My first summer in Japan, I found myself sharing an apartment with some of the most disgusting creatures on earth. They were big and ugly and kept me awake at night. When I couldn’t take the situation any longer, I decided to seek help. I trudged down to the local shopping street in the sticky heat and prowled the aisles of the Daimaru Peacock looking for weapons.
To my frustration, I realized that the labels were all in Japanese and I couldn’t decipher the pictures clearly enough to tell what I was buying. With my almost nonexistent language skills, I cornered a store clerk and proceeded to beg him for “kokurochu” spray. He was clueless as to what I wanted, and became more and more embarrassed as I desperately acted out my version of a giant scuttling cockroach. I never did get the damned spray.
Our situation at home called for more serious intervention than a can could offer anyway, so we wound up getting an exterminator through the NTT Town Pages (go to english.itp.ne.jp and type in “pest control”). In subsequent summers, we lived in housing that was not as infested as that first place, but I find that hot weather in Tokyo invariably brings the appearance of the dreaded gokiburi. Because of my unfortunate experience with cockroaches, I ended up researching their unpleasantness, and found out more than I wanted to know. These creatures are not just squeamishly gross, but also a very real health threat.
Cockroaches have been implicated in cases of salmonella food poisoning, and they have also been found to harbor staphylococcus and streptococcus bacteria. If the creatures feed on contaminated food in the kitchen garbage, the disease bacteria can remain in their digestive system for a month or more. If human food or utensils come in contact with roach feces, then there’s the chance of life-threatening illness.
Most people who are allergic to dust are also allergic to cockroaches. If you want to know more, just visit the Website run by the University of Nebraska-Lincoln Cooperative Extension Service at pested.unl.edu/cock-com.htm. You may want to check out their Cockroach Control Manual, or review their list of “Ten Questions to Ask a Pest Control Company Before Hiring.”
Once the weather turns muggy it’s a good idea to follow some of these suggestions in order to keep the bugs at bay:
• Get a kitchen trashcan with an airtight lid, keep it clean, and empty trash daily.
• Keep floors swept.
• Dispose of newspapers regularly.
• Wash dishes after each meal and keep counters, tabletops, and stove clean.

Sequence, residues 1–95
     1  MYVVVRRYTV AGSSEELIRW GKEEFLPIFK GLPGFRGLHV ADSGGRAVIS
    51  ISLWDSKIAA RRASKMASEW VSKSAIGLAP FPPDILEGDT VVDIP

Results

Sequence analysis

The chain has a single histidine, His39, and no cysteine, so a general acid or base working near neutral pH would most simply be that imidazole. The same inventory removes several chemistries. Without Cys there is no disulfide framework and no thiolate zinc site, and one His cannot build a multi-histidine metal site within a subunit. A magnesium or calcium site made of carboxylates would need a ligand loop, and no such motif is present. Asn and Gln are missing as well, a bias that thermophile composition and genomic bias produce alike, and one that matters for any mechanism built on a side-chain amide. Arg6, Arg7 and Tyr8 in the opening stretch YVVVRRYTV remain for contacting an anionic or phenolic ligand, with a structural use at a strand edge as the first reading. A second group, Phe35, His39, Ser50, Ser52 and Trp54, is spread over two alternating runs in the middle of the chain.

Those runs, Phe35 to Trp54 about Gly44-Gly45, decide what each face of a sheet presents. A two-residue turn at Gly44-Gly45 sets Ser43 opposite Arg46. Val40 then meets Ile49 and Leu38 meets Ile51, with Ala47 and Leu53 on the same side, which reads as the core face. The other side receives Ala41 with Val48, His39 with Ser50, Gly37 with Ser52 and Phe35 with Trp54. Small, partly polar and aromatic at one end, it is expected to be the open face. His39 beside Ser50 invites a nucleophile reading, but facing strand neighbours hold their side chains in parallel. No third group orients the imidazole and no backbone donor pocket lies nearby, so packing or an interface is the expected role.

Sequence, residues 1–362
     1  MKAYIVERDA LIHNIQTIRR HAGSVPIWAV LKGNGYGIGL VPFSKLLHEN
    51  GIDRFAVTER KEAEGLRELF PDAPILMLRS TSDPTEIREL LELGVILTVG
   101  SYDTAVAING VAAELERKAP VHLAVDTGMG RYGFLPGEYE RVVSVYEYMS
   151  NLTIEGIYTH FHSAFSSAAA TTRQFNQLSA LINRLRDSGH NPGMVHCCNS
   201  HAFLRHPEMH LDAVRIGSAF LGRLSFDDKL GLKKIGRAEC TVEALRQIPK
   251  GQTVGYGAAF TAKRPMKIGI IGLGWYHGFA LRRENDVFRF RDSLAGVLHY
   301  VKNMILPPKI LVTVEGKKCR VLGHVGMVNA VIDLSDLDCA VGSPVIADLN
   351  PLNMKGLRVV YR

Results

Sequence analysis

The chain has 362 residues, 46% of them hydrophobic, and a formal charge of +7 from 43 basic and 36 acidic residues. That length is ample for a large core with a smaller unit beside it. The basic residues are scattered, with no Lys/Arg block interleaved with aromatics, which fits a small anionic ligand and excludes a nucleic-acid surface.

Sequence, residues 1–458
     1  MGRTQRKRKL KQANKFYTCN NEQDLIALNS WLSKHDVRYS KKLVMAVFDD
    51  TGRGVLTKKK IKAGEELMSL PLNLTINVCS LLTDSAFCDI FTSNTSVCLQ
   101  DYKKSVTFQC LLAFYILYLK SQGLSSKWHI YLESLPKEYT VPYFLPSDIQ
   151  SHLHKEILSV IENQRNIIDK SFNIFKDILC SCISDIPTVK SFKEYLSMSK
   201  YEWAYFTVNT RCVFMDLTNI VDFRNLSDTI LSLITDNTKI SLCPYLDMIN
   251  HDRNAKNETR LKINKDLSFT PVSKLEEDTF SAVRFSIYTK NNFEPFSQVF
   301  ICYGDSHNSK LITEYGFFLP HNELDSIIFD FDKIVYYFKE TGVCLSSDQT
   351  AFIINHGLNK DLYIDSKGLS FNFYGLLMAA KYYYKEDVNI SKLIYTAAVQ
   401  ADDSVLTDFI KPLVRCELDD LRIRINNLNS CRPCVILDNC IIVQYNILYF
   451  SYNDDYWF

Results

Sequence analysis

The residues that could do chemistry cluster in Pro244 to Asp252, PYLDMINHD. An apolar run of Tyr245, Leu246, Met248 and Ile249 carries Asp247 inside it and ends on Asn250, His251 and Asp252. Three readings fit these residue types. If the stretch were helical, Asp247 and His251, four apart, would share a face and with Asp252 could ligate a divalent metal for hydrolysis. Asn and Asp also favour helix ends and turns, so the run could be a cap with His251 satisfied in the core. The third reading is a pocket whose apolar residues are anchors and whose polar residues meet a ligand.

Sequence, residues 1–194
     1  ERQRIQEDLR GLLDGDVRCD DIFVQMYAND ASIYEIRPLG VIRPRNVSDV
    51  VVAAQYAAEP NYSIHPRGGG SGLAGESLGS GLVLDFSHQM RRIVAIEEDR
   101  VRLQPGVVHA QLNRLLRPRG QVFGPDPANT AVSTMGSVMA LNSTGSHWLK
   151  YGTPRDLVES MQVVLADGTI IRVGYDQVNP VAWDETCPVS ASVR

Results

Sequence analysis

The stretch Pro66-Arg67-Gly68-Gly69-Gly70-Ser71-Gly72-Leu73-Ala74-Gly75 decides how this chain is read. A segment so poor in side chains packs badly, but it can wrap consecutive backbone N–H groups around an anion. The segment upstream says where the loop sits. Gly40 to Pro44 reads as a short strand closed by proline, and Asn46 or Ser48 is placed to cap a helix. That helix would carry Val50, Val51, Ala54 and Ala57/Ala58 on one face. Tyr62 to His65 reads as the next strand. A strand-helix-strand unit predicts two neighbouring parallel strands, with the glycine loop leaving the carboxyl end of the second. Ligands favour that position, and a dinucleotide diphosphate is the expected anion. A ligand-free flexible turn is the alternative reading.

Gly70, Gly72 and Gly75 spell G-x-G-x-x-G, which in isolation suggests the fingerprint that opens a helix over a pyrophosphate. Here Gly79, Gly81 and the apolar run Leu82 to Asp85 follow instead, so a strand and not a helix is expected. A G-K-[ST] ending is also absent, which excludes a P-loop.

• Run the garbage disposal or empty the sink drain after each meal.
• Put a stopper in the sink before going to bed each night.
• Place flour, pasta, and cereals in sealed containers.
• Don’t collect paper bags as roaches love to lay their eggs in them.
• Try using trays of Combat poison or the Japanese equivalent, but be extremely careful with children or pets in the house.
• If the problem is out-of-control, use a professional exterminator.
A few years after the roach horror, I experienced another wicked summertime pest known as dani or dust mites. Perhaps I wasn’t as vigilant as I should have been with airing the duvet on fine sunny days. I had heard that airing one’s bedding kept dust mites away during the humid summer months; my neighbors were always out there beating the futon at the crack of dawn.
I first noticed that I woke up scratching during the night, and thought it was possibly mosquitoes. Then someone suggested bedbugs which freaked me out as sounding much too unsanitary for our home. By the time our entire family started itching, we found that mites had burrowed into the carpet, the bedding, and much of the upholstery.
The only way we were able to get rid of these mites was to set off some kind of fog bomb in the house; as the children were young, I insisted on abandoning our home for the weekend of the bombing. Evidently the only way that these mites (and the large number of droppings they produce) can be eradicated is by extreme heat or insecticides. It was recommended that we buy a certain expensive vacuum cleaner, which would also take care of the problem, but we chose the fog insecticide which did the trick.
There were several other recommendations that we tried to follow in order to remain mite-free: daily dusting and vacuuming, frequent washing and drying of all bedding (the clothes dryer heat kills them) and, of course, hanging quilts and mattresses out on sunny days. If family members are highly allergic or asthmatic, then wood floors are much better than carpet, and blinds are preferable to curtains. A new mite-resistant fabric has been developed in Japan and is used in bedding, stuffed animals, carpet, and even clothes. Look for the bodani kako label, which designates these products.
Another culprit of sauna-like weather is the mold that develops from excess moisture collecting in your home. I had never lived anywhere that had a rainy season and could not imagine that I would open my shoe closet one day to find all my shoes a fuzzy shade of pale green. You can clean most of the mold (also responsible for numerous allergies and illnesses) with chlorine spray cleaners available in the market. We also bought a couple of dehumidifiers for the large rooms, placed small moisture-collecting boxes in the dampest spots, and were amazed at how often they filled up with water!
In retrospect, I hope that no one was reading this column during a meal, but perhaps now you have some insight on coping with molds, mites, and cockroaches during the rest of your summer in Japan.